End of season testimonial games afforded soccer lovers the opportunity of witnessing in the flesh world renowned cross channel stars such as Stanley Matthews, Tommy Taylor, Tommy Lawton, Peter Doherty, Dixie Dean, Wilf Mannion, Raich Carter, Johnny Carey, Jackie Rowley, John Charles, Liam Whelan and many more illustrious exponents who marvelled at the ground’s unique atmosphere. For this writer the appearance of John Charles for Leeds Utd remains indelibly in the memory. John Charles, CBE, was a Welsh international who played for Leeds and Juventus. Rated by many as the greatest all-round footballer ever to come from Britain, he was equally adept at centre forward or centre half. Due to his height, physique, and strength, he excelled in the air, although he was also a prolific goalscorer with his feet, due to his powerful and accurate shot. He was never cautioned or sent off during his entire career due to his philosophy of never kicking or intentionally hurting opposing players. Standing at 6 feet 2 inches, he was nicknamed Il Gigante Buono – The Gentle Giant. He was in his prime when he played up the ‘Dyke. The magical moment arrived when Leeds were awarded a penalty at the Mardyke Walk end. Every kid in the ground, most inside the picket fencing, ran to congregate behind the goal and waited anxiously for his typical net bulging thunderbolt drive. Stand- in goalie balding hero Dave Noonan crouched on the goal line. Charles unleashed a mighty shot, straight down the middle; keepers in those days didn’t move before the kick was taken so Dave stood up and saved miraculously when the cannon ball shot hit him on the forehead. The kids behind the goal went wild and encroached to congratulate Dave who was wobbling on his feet. The old smelling salts did the trick and brave Dave Noonan lived to embrace King John when the final whistle sounded.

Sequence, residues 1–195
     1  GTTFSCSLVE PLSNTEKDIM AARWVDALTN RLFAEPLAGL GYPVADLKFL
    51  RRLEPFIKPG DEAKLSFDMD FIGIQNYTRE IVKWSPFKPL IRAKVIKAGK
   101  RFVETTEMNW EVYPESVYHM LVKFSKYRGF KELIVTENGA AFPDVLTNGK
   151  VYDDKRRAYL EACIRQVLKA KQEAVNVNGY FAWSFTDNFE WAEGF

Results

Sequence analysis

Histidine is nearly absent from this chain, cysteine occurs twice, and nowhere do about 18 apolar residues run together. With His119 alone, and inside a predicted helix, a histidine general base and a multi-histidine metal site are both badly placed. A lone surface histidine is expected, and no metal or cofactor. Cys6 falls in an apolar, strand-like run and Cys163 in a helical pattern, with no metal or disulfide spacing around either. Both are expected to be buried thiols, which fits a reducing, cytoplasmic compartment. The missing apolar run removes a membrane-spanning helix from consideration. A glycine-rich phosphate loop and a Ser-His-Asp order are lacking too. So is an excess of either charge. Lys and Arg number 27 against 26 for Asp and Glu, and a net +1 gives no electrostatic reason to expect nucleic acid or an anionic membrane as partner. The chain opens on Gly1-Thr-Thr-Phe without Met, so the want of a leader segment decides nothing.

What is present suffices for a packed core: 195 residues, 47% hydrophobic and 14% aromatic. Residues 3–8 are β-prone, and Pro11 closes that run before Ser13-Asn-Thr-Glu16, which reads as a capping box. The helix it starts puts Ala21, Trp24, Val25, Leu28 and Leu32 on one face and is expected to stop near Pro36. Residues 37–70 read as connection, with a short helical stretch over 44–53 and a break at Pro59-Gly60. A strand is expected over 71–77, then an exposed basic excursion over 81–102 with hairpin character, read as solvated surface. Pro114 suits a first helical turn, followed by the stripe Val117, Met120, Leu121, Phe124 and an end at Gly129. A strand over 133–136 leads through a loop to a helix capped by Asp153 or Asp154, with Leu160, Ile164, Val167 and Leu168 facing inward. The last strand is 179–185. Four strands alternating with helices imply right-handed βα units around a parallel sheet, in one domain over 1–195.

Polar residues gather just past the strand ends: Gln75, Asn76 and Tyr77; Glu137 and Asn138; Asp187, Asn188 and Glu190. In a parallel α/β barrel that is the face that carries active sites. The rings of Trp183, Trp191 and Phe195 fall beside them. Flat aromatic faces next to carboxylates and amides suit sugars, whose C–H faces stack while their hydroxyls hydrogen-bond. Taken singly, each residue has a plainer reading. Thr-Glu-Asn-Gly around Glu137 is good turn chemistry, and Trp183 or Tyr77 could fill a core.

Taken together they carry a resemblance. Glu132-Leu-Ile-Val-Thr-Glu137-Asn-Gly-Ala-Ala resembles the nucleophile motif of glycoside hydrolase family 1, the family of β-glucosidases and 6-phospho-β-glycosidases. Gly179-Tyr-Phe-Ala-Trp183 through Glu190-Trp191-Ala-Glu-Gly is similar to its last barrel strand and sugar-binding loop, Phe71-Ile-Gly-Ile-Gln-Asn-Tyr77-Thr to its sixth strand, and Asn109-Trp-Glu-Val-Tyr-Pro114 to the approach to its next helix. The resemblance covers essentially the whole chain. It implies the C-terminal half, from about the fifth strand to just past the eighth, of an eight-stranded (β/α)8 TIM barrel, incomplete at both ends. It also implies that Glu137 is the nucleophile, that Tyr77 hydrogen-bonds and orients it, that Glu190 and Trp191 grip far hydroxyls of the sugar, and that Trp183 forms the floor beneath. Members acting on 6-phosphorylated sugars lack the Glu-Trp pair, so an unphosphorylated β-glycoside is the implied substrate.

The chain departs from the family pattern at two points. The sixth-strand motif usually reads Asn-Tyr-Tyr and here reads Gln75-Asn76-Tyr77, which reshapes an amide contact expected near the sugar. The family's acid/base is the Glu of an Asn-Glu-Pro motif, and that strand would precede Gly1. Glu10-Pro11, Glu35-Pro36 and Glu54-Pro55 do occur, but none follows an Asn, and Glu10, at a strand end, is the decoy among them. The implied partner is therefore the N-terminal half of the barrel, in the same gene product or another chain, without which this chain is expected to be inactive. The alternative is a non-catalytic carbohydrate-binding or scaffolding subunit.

The Mardyke was the home ground of Cork FC, Cork City, Cork Utd, Cork Ath and Cork Hibs. It was a lucky venue for Cork Utd, arguably the best League of Ireland team of all time, who in their brief eight year reign (1940-’48) won five League Chamionships and two FAI Cups. When Hibs moved to Flower Lodge in 1962 the Mardyke became history; it was used for the last time by the FLI in May 1962 when Cork Celtic beat St Pat’s in the Top Four semi-final. Thirty four years later in January 1996 major soccer made a welcome return to the ‘Dyke and this time it was the College team itself which made history by becoming the first to represent the University in the FAI Senior Cup when they hosted Limerick in round 1.
A lot of water has flown under Wellington Bridge since that auspicious occasion and today, 19 years later, high flying Munster Senior League and Collingwood champion s UCC throw down the gauntlet at the Mardyke to old rivals Cobh Ramblers in the EA Cup second round. The 25th Anniversary of UCC soccer Club in 1978 was marked by the publication of a history booklet, ‘At least we won the toss’ – a title apt at the time but now absolutely inappropriate as in the intervening years the progressive UCC AFC have won the Blue Riband of Inter Varsity Soccer, the Collingwood Cup, 12 times since 1973. Champions of the Munster Senior League bestows the entitlement to compete against Airtricity League teams in the EA Cup so, if progress continues, tonight’s game against Ramblers could be the first of many for the students at the hallowed Mardyke, the spiritual home of Cork soccer.
Where I sported and play’d
‘neath each green leafy shade
On the banks of my own lovely Lee.